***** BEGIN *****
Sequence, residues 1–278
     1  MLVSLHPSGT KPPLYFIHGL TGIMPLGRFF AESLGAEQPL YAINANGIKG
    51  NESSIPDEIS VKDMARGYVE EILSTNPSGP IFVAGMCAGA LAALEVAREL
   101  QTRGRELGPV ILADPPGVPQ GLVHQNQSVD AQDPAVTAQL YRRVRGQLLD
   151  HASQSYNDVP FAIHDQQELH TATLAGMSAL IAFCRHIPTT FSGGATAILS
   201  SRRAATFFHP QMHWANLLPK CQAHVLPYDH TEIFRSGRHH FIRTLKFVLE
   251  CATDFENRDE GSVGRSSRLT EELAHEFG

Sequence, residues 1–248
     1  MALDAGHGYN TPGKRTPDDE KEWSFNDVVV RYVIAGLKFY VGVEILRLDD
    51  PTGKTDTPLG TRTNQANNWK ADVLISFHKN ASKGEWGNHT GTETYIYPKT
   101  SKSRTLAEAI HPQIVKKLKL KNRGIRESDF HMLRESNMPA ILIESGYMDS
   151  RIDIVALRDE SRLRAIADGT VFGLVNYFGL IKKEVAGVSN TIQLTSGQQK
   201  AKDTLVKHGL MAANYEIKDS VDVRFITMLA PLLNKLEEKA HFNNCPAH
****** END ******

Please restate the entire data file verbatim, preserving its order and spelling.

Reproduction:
Sequence, residues 1–278
     1  MLVSLHPSGT KPPLYFIHGL TGIMPLGRFF AESLGAEQPL YAINANGIKG
    51  NESSIPDEIS VKDMARGYVE EILSTNPSGP IFVAGMCAGA LAALEVAREL
   101  QTRGRELGPV ILADPPGVPQ GLVHQNQSVD AQDPAVTAQL YRRVRGQLLD
   151  HASQSYNDVP FAIHDQQELH TATLAGMSAL IAFCRHIPTT FSGGATAILS
   201  SRRAATFFHP QMHWANLLPK CQAHVLPYDH TEIFRSGRHH FIRTLKFVLE
   251  CATDFENRDE GSVGRSSRLT EELAHEFG

Sequence, residues 1–248
     1  MALDAGHGYN TPGKRTPDDE KEWSFNDVVV RYVIAGLKFY VGVEILRLDD
    51  PTGKTDTPLG TRTNQANNWK ADVLISFHKN ASKGEWGNHT GTETYIYPKT
   101  SKSRTLAEAI HPQIVKKLKL KNRGIRESDF HMLRESNMPA ILIESGYMDS
   151  RIDIVALRDE SRLRAIADGT VFGLVNYFGL IKKEVAGVSN TIQLTSGQQK
   201  AKDTLVKHGL MAANYEIKDS VDVRFITMLA PLLNKLEEKA HFNNCPAH